DA Traits: Arrogance and Viciousness or Humility and Compassion
I had an email conversation recently with a friend who’s a prosecutor. I wrote:
Our next DA needs to know that he or she is not part of a dynasty, is only temporary, is human and fallible, and answers ultimately to the families of the accused, who greatly outnumber the families of the victims.
I’ve felt compassion for defendants from DWI offenders to murderers. But their families? . . . . I don’t think I owe anything to a defendant’s family.
I tagged this as part of the problem with the Harris County DA’s Office. If the DA’s minions don’t see themselves as answering to the families of the accused as well as the victims, then the DA himself likely doesn’t see himself in that role.
But the DA, you see, is an elected official, and another word for the families of the accused is “voters.”Now the probable Republican candidate for Harris County DA, Kelly Siegler, spoke to the Houston Chronicle about the anticipated appointment of AUSA Ken Magidson to the interim position of Harris County District Attorney (Houston Chronicle):
In the capacity of being a caretaker, I am not sure what kind of changes he would be expected to make. . . . I think he would have the best interest of the office at heart.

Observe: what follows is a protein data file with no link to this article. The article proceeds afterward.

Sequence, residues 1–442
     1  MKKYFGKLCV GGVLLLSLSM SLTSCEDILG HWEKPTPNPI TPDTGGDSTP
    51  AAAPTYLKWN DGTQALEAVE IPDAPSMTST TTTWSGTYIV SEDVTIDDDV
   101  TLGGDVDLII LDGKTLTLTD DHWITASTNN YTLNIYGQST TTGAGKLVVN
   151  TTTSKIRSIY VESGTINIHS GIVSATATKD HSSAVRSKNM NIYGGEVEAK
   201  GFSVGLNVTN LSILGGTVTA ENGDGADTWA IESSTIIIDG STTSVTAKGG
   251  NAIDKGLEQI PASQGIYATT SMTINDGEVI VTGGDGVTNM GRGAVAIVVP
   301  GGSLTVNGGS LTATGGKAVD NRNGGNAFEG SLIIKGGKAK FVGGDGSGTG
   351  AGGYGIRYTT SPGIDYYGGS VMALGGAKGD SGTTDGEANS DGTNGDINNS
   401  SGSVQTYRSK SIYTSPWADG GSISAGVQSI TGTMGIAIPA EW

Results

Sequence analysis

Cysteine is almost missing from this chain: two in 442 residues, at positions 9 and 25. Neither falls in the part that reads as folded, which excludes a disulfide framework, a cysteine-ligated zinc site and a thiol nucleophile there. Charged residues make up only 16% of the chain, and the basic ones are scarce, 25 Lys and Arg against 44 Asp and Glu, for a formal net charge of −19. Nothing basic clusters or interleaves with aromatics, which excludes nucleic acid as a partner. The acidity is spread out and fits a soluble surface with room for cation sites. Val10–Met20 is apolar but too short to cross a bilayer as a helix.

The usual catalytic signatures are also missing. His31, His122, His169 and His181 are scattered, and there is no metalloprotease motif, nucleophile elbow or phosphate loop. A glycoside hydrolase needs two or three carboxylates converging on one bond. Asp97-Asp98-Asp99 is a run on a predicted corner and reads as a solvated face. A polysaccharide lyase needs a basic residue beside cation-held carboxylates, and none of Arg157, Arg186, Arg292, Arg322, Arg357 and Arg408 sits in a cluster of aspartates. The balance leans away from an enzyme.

No. At least, we should hope not. Magidson’s responsibility will not be to the Office. As Harris County District Attorney, he will be responsible to the people of Harris County.
If the best interests of the people of Harris County will be served by dismantling and rebuilding the Office, then the Office be damned.
This is not the first time this year that we’ve heard this attitude from Kelly. In her candidacy announcement she wrote,
The men and women of the Harris County District Attorney’s Office are the best in the nation at what they do. They deserve a leader who has been in the trenches with them. The people deserve a District Attorney who knows their way around a courtroom and will run this office with honor and integrity.